In recent times the opposition within the Seventh-day Adventist Church against the doctrine of the Trinity has been increasing. It took a relatively long time before the doctrine of the Triune God was fully endorsed by most Adventist theologians and church leaders. But the influential book Seventh-day Adventists Answer Questions on Doctrine (1957) left the reader in no doubt that Adventists had come to agree with most of historic Christianity on this important theological Issue: God is One in three Persons.
Why is there increasing unease with regard to this crucial doctrine that is also clearly underlined in the Fundamental Beliefs of the Adventist Church? There are, as I see it, a number of factors: (1) The method of ‘plain reading’ of the Bible, which has been strongly promoted in recent years, is not very sensitive to underlying theological issues. (2) There is a strong sense on the part of many members that the Adventist Church has departed from many of the principles of the ‘pioneers’. Several of the important men (!) in incipient Adventism were opposed to the Trinity-doctrine. That is, they say, a good enough reason to look at this teaching with great skepticism. (3) It is also argued that the Trinity is a Roman-Catholic invention, and that in itself is for some the definitive reason why it must be wrong. (There was, however, a consensus about the Trinity doctrine long before the Roman-Catholic Church as such existed!).
Early on in my graduate theological studies I was required to read what the famous theologian Karl Barth had written about the Trinity. Reading Barth is quite a challenge and I remember progressing at the rate of about two pages an hour. It was, however, worthwhile and it has ever since given me a clear direction for my thinking about this complicated topic. But already at that time I concluded that the word ‘Trinity’ is a term which we humans use in trying to say something that is, because of its very nature, indefinable in human language. Somehow, God the Father (also a very human term) and God the Son (another human term) and the Spirit (again a human term) share in infinite divine power, and though they are distinct, they are One in their essence. All discussions about God must end with the conclusion that everything we say about God remains no more than a human attempt to explain something that human beings can never fathom. Therefore, in the end we must bow before the divine mystery. We are not called to understand who and what God is, but to worship the One who made us, sustains us and saves us.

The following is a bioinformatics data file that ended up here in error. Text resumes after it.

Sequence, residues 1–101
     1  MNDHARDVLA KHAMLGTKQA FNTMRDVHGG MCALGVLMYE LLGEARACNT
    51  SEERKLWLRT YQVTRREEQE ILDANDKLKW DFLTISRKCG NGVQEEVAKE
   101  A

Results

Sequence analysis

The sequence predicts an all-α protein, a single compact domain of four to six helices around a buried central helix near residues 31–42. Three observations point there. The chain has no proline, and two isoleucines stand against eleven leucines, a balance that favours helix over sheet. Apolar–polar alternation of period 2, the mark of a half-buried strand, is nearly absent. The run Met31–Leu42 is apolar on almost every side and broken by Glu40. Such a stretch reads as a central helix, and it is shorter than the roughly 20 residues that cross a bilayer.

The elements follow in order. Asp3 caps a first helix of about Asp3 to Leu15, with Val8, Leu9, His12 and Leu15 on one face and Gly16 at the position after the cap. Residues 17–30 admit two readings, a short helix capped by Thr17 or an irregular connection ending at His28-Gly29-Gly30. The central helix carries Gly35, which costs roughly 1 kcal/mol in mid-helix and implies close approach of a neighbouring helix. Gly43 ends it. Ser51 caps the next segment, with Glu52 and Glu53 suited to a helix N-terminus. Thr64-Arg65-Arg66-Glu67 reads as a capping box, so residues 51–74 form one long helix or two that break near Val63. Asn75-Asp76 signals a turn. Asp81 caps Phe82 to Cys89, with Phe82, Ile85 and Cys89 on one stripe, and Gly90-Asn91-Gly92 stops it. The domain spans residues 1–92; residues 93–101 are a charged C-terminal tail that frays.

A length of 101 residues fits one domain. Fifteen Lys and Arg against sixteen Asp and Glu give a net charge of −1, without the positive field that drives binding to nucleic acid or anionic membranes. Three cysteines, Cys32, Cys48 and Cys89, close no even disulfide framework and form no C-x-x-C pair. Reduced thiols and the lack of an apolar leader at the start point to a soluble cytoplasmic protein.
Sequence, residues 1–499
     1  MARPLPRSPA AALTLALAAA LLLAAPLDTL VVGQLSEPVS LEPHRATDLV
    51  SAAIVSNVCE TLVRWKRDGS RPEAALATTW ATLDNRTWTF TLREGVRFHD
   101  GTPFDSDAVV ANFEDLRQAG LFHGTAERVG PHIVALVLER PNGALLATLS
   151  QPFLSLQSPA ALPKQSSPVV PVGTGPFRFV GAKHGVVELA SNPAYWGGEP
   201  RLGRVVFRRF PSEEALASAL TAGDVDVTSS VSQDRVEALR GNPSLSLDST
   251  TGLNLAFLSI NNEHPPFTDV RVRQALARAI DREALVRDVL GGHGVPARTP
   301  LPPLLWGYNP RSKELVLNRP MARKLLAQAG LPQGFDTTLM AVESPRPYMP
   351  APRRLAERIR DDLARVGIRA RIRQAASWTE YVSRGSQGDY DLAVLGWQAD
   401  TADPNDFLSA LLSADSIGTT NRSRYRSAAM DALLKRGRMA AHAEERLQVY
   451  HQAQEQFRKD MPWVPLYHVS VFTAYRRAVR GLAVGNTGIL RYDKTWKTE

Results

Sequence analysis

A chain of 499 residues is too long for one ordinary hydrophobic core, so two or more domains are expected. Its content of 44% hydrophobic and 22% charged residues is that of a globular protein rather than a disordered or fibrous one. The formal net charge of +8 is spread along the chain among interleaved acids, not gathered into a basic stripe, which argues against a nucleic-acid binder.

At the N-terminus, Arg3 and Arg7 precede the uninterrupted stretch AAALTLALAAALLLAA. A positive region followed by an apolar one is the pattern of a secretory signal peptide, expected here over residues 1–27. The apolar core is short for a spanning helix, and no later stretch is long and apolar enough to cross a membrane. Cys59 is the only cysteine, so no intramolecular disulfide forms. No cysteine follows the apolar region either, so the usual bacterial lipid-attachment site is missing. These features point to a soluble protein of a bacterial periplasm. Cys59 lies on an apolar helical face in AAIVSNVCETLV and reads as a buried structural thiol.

This sense, that every human analysis of who and what God is must ultimately fail, was reinforced this past week as I was reading the book: The Doctrine of GOD: Introducing the Big Questions, written by John C. Peckham, one of the prominent theologians at Andrews University (T&T Clark, 2020). It is a very informative book that I warmly recommend to all who are interested in theology. For those without theological training it may at times be heavy going, but it is worth the effort. Peckham does not only deal with questions pertaining to the Trinity Doctrine, but also addresses a range of other issues. If God is unchangeable, as most theologians have traditionally argued, does that mean that God cannot interact with us and that he cannot show emotions? For do responses to humans not imply at least some change in God? Another major problem is God’s relationship with time. If God is eternal, can he experience the flow of time and does he therefore have a past and a future? Does God know everything? If so, does this not conflict with the concept of a free will? If God knows everything, it seems to suggest that everything I do is already pre-determined. And, if God allows evil, does this not somehow make him co-responsible for the existence and continuation of evil?
These and many other questions are worth pondering. In our study of these questions we must conclude that the Christian views about God have been profoundly influenced by Greek philosophy and have often resulted in views that conflict with that of the biblical God. But reading Peckham’s book reinforces my belief that my analysis of God will always remain a poor human attempt to reach the Unreachable. Perhaps the best definition of God, so far, was given by the eleventh century theologian Anselm of Canterbury, who said: ‘God is a being than which no greater can be conceived.’
Therefore, I repeat: We are not called to understand who and what God is, but to worship the One who made us, sustains us and saves us.